Sunday, June 26, 2005

6/26/2005 Update

S.A. Mourns the Passing of Legendary Taco Land Owner

Posted By: Mandi Bishop
WOAI

Friends, family, and music fans are mourning the death of a San Antonio icon. Ramiro “Ram” Ayala ran Taco Land, a bar known for helping develop and showcase countless musicians. He was shot to death Thursday night during a robbery.

“It's a sad day in the music business,” explains booking agent Roland Fuentes. “Tacoland was Ram. His attitude. His style.”

Taco Land is known worldwide; legendary for live music and it's unusual owner. If you listen to San Antonio music, you know about the small bar with character on W. Grayson Street just north of downtown. Patrons knew Ayala, 72, as a gruff curmudgeon of a bartender – with a heart of gold. He opened his one of kind bar to everyone from the homeless to rich college kids. Everyone was welcome.

“He lived hard and he loved hard,” said Fuentes.

Hundreds gathered at Taco Land Friday night to memorialize the San Antonio music institution.

“I'm still in shock right now,” said Ayala's son, Mark Cruz. He can't believe his dad is gone. “My dad was kind, big-hearted. Anything that anyone needed, he would give if it would help.”

Friends describe Ram as a man who spent his entire life helping others. He gave many upstart bands their first shot on stage, and bands from across the country looked forward to the chance to play the famed Taco Land.

“Ram cared about all of his bands like they were his sons,” said Fuentes.

In 1969 when the nearby bottling plant shut down, Ram turned his taco joint into a world-renowned live music hotspot.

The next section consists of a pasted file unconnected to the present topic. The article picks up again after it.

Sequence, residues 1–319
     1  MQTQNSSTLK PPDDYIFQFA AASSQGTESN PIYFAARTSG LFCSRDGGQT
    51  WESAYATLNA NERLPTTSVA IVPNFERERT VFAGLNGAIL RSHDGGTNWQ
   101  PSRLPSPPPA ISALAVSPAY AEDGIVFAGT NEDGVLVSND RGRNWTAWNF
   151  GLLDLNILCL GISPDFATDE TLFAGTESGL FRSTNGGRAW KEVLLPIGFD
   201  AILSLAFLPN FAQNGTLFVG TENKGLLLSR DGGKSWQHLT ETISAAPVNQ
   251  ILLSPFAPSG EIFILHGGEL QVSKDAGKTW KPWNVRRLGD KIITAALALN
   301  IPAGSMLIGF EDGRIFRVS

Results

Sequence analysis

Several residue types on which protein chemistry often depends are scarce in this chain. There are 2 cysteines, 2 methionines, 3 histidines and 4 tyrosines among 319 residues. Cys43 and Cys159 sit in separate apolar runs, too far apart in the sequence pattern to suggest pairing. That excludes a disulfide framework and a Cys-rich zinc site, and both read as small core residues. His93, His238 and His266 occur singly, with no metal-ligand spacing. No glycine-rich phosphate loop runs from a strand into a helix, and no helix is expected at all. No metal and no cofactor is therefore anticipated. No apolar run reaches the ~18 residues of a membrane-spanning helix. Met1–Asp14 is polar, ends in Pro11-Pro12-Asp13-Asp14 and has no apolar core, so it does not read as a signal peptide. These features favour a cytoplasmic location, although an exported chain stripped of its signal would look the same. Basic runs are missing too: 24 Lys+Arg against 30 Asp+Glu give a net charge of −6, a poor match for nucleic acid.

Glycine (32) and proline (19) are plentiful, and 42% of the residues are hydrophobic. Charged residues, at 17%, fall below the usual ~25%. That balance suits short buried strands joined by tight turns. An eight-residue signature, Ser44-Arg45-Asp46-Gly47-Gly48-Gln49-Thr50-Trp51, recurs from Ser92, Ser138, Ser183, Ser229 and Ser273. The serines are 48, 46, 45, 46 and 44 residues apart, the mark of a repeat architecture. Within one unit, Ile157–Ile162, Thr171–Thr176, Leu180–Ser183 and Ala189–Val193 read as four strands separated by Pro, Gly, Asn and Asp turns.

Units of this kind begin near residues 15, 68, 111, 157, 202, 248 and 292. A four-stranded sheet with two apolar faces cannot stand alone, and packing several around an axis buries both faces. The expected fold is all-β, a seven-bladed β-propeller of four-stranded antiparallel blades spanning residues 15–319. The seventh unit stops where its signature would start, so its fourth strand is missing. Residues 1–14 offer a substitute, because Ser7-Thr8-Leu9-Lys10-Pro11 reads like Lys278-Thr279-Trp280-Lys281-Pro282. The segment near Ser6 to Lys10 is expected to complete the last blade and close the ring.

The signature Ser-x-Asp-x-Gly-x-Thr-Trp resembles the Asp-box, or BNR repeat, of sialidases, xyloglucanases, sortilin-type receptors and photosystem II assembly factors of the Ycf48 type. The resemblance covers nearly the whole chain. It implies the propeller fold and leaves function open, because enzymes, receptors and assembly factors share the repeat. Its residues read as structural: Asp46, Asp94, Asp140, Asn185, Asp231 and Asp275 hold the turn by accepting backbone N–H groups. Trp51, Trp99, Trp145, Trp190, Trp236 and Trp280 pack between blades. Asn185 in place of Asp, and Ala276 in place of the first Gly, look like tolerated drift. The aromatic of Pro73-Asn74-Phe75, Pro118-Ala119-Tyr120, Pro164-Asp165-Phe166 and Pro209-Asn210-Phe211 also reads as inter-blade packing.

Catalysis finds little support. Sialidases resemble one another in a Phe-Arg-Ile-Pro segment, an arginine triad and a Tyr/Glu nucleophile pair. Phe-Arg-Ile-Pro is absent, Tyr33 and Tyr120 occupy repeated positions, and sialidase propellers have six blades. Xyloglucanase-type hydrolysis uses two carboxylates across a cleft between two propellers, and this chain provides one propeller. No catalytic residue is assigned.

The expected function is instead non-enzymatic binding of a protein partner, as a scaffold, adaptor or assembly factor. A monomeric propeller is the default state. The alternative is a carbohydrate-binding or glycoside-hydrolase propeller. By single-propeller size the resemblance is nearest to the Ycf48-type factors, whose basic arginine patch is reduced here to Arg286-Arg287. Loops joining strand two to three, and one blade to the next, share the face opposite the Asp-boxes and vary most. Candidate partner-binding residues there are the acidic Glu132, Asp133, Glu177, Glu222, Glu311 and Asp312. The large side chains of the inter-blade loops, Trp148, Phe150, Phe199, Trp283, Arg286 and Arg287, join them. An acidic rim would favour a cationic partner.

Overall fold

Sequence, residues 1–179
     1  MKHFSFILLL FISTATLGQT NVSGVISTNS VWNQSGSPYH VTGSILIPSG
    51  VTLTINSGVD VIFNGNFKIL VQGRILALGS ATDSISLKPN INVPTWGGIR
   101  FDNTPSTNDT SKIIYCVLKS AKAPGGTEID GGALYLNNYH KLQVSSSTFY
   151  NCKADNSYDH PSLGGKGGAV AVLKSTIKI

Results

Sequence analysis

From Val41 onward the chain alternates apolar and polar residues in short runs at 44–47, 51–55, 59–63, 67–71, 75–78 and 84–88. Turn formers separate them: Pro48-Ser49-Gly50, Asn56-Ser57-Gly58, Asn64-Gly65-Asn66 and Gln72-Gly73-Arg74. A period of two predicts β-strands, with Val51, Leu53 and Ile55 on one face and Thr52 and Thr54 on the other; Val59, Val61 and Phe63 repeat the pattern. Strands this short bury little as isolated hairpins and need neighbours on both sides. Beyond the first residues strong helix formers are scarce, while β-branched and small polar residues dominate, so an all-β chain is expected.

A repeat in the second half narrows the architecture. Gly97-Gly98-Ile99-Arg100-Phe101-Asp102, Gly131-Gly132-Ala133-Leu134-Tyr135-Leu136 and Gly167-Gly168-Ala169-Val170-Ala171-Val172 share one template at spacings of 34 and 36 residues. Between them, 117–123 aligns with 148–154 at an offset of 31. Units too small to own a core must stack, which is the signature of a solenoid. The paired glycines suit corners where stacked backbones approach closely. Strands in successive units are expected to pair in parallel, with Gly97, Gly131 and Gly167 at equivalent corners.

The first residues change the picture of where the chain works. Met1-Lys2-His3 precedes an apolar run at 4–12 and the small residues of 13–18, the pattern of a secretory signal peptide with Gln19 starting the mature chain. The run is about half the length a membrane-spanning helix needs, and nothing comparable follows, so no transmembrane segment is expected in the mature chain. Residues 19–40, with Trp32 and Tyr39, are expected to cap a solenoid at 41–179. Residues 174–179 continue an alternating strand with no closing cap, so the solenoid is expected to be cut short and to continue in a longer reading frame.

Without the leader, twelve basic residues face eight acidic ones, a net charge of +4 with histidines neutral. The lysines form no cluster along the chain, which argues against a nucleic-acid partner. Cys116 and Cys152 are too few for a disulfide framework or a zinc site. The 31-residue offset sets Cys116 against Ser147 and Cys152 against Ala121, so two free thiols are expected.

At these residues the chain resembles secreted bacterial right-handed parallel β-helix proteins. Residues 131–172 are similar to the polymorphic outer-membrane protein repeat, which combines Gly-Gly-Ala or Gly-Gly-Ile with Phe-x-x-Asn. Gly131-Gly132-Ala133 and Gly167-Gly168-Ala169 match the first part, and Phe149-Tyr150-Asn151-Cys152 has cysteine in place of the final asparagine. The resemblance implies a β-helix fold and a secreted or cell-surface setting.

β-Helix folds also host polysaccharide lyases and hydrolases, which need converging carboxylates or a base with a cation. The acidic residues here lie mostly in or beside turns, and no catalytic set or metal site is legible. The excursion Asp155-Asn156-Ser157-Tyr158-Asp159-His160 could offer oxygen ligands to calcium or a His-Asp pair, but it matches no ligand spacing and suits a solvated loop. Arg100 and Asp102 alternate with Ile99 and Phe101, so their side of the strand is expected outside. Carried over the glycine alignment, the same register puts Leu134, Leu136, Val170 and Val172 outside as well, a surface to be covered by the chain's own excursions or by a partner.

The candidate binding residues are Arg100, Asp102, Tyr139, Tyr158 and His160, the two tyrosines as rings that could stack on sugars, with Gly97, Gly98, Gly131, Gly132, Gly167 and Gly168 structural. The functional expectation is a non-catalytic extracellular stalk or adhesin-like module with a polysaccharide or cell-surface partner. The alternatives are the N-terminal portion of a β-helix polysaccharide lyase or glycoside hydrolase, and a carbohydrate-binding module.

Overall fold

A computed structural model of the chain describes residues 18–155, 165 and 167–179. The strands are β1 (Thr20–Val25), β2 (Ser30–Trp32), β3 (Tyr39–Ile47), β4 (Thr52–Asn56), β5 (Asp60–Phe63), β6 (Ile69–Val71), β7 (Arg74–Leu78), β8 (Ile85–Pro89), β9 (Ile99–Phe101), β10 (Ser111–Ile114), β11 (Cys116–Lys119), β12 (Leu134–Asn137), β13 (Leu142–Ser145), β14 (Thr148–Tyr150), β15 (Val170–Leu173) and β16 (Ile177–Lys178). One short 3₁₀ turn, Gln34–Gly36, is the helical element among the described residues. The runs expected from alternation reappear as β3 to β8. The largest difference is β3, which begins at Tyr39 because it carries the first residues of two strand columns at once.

Jeff Smith played Taco Land in the early 90's. “Ram was a great guy,” said Smith. “He was an unusual individual. He had pretty salty language.”

“He expressed himself a lot with cuss words. I mean, he would cuss everybody out – but in a nice way,” said Frank Rodarte with a grin.

We interviewed Ram in 1999. “To me, it wasn't music at all. It was just a bunch of racket. That was the 'in' thing then,” Ram told WOAI about some of the famed punk bands that had played his bar.

In 1999 Ram was featured in a documentary by Laura Escamilla-Fouratt about Taco Land. “Not everybody can say that they had a movie about a bar - my bar - or a business they have,” Ram said proudly.

Police say Thursday night two newcomers to the bar decided to rob the place. Then shot Ram and two of his employees. Doorman Douglas Morgan, 53, and bartender Denise "Sunshine" Koger, 41, were injured in the shooting — Morgan critically.

“He was a person who helped others,” mourner Tony Sanchez told WOAI. “I don't know how anyone could do this. There's no reason for it.”

“It's very tragic,” said Cruz. “I can't believe someone could do this to him.”

Police describe the suspects as short Latin men in their 20'S; one skinny and the other a bit bulkier. They fled in a silver sports car.

Without Ram “Tacoland is over,” said Fuentes. Ram's funeral is set for early next week

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